2015 Walk To End Alzheimer’s

On August 29th, we took part in the Walk To End Alzheimer’s for the second year in a row.  All 5 of us were there to assist as “Course Marshals” again.  They placed us in different locations than we were placed last year.  Although we didn’t get to waive at the motorists like we did last year because of our location, we still enjoyed ourselves.  Here are a few photos that we have to share:


IMG_1614  IMG_1587





It was hot and a little rainy that day because of the three hurricanes out in the pacific.  And a beautiful rainbow presented itself in the sky…



Much thanks to Uncle Dennis Fujimoto for including us in his “Happy Camper” in the Garden Island Newspaper:


Girl Scouts Info


  • Girl Scout Cadette: grades 6–8
  • Girl Scout Senior: grades 9–10
  • Girl Scout Ambassador: grades 11–12
Bridging Ceremonies
Bridging is an important transition in a Girl Scout’s life. It’s a defining moment when a girl becomes aware of her achievements and is ready for new adventures and responsibilities. Celebrating this change should be fun, personalized, and memorable for everyone involved. And most of all, it should be designed by the girls in true partnership with adults.

Bridging ceremonies usually take place at the beginning or end of the Girl Scout year and can have three parts:

  • Opening: Guests are welcomed and the tone is set.
  • Main Section: The ceremony is explained and the girls celebrate moving from one level to the next.
  • Closing: Girls can participate in friendship circles and thank their guests.

Each of the ceremony’s parts offers plenty of room for the girls’ creativity and individuality. The ceremony should always focus on paying tribute to Girl Scouts as they move forward.

See how Girl Scouts earn their Bridging Awards (PDF):

Cadette to Senior  *  Senior to Ambassador  *  Ambassador to Girl Scout Adult

Court of Awards is a special ceremony recognizing girls’ accomplishments. Girls are presented with their badges, year pins, and other recognitions earned during the year. Volunteers may also be recognized during the ceremony. The Court of Awards can be held anytime during the year, at any location, and as often as the troop wants.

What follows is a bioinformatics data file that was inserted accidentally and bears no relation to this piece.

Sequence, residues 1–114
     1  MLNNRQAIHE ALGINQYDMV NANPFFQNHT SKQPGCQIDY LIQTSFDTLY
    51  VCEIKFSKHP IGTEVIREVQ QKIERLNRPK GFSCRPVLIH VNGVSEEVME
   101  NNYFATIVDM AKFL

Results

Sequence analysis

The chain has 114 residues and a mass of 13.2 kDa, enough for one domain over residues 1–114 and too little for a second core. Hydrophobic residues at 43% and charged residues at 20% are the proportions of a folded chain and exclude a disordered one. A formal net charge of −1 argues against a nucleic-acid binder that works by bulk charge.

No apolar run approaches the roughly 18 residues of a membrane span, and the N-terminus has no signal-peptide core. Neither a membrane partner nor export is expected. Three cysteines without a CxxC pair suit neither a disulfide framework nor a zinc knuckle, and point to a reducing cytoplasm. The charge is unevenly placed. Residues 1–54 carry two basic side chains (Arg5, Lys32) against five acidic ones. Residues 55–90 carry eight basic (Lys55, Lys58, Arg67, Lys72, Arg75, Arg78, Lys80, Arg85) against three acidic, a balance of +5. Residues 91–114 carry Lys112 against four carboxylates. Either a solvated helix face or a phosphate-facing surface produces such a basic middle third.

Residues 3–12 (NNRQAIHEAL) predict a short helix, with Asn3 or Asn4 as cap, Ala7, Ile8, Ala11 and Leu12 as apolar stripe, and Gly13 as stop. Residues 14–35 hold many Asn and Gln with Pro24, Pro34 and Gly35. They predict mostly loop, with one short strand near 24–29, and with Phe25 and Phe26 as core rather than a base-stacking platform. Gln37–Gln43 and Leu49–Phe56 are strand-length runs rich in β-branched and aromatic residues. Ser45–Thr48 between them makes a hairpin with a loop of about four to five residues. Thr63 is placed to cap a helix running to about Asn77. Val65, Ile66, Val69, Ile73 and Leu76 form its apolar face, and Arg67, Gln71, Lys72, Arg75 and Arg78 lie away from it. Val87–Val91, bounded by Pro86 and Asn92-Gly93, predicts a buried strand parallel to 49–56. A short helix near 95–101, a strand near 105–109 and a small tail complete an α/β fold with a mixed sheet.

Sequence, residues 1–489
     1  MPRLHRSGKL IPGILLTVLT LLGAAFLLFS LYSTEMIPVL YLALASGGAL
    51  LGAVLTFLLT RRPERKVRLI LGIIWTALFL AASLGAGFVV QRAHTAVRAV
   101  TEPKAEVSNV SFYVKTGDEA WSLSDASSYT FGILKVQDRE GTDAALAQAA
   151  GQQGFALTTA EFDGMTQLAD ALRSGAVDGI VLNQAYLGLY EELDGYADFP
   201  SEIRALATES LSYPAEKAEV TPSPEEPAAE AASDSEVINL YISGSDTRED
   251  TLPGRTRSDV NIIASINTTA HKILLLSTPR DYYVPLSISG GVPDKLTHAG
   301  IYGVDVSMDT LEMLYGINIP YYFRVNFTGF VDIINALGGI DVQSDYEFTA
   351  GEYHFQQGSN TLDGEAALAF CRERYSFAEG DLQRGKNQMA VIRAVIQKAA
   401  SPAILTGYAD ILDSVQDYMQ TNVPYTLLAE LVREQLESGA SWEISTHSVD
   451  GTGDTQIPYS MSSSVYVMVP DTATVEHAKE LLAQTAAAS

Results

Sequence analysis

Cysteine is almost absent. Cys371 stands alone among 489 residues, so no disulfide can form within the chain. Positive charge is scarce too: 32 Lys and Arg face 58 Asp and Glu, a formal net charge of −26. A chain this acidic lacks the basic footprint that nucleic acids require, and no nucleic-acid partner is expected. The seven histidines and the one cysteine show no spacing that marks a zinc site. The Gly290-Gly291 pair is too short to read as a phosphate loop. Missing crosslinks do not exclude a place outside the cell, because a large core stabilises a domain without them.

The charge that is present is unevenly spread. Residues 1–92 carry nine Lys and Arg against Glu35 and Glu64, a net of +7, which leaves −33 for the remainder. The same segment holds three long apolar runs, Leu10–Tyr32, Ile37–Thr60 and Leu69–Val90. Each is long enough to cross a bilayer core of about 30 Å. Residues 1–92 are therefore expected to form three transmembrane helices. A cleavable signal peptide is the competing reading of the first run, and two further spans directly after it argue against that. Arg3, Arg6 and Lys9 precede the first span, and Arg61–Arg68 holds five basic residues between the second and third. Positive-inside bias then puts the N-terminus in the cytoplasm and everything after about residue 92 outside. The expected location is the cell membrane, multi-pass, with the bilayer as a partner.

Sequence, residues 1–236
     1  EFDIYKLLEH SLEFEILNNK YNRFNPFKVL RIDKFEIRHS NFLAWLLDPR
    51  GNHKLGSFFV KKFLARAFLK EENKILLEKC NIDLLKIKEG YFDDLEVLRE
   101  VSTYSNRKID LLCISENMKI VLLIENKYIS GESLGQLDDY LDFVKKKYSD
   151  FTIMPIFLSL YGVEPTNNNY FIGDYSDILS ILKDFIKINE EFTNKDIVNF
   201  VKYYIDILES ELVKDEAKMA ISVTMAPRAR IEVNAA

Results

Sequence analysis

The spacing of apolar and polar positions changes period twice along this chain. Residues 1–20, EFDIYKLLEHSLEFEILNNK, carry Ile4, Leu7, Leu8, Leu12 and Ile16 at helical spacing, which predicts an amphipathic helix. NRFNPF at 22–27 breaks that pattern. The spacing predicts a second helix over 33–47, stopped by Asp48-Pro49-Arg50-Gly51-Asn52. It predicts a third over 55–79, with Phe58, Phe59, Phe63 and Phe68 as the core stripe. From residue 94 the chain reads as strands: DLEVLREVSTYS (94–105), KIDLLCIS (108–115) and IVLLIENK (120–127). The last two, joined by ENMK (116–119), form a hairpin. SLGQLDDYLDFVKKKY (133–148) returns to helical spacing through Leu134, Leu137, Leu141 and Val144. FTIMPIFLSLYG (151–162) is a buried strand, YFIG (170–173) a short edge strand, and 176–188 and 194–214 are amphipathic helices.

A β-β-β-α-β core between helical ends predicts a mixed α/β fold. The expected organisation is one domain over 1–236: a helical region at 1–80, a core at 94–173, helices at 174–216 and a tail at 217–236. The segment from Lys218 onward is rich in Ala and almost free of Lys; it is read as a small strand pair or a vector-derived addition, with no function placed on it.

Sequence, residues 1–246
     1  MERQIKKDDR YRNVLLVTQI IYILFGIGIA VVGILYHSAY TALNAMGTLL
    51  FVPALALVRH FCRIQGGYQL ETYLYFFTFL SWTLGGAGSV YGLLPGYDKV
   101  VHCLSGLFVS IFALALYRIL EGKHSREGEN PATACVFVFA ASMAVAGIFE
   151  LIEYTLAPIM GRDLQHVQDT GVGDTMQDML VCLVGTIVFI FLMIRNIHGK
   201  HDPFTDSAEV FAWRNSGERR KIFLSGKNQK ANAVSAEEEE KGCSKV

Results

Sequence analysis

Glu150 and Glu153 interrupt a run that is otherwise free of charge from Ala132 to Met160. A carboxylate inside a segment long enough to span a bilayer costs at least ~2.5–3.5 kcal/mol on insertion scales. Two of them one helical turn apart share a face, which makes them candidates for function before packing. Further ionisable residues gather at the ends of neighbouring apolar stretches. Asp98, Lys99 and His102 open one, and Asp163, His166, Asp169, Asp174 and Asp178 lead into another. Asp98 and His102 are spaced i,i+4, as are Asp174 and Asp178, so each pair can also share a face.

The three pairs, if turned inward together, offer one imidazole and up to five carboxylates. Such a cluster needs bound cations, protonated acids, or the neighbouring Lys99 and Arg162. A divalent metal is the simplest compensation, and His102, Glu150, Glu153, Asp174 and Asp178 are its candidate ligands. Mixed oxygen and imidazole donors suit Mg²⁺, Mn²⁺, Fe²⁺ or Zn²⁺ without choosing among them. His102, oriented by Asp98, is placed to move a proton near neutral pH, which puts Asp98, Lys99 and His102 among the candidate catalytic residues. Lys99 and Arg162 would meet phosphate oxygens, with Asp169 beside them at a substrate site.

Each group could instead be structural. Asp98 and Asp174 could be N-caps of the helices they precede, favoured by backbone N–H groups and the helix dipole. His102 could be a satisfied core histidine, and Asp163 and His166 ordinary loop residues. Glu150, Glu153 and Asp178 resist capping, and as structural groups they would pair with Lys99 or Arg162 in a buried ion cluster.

Girl Scout Bronze, Silver, or Gold Award ceremony honors Girl Scouts who have earned these special awards and is usually held at the troop/group level or combined with council recognition.

Highest Awards

Bronze. Silver. Gold. These represent the highest honors a Girl Scout can earn.

All three awards give you the chance to do big things while working on an issue that’s captured your interest in a big way.

Whether you want to plant a community garden at your school and inspire others to eat healthily for your Bronze, advocate for animal rights for your Silver, or build a career network that encourages girls to become scientists and engineers for your Gold, you’ll inspire others (and yourself).

    • Bronze Award
    • Silver Award
    • Gold Award

Plus, as you earn one of Girl Scouting’s highest awards, you’ll change your corner of the world—and maybe even beyond. The possibilities are endless.

Want to see what others have done to earn the highest awards in Girl Scouting? For inspiration, check out examples of Bronze, Silver, and Gold Award projects via Girl Scouts of the USA’s Map It: Girls Changing the World.

What are the suggested hours for earning each of the awards?
Not all projects will require the same length of time to complete from planning to sharing and celebration. The time it takes to earn the awards will depend on the nature of the project, the size of the team, and the support of the community. Quality projects should be emphasized over quantity of hours. After the journey(s) requirement is fulfilled, the suggested minimum number of hours to use as a guide is:

The Bronze Award — suggested minimum 20 hours
The Silver Award — suggested minimum 50 hours
The Gold Award — suggested minimum 80 hours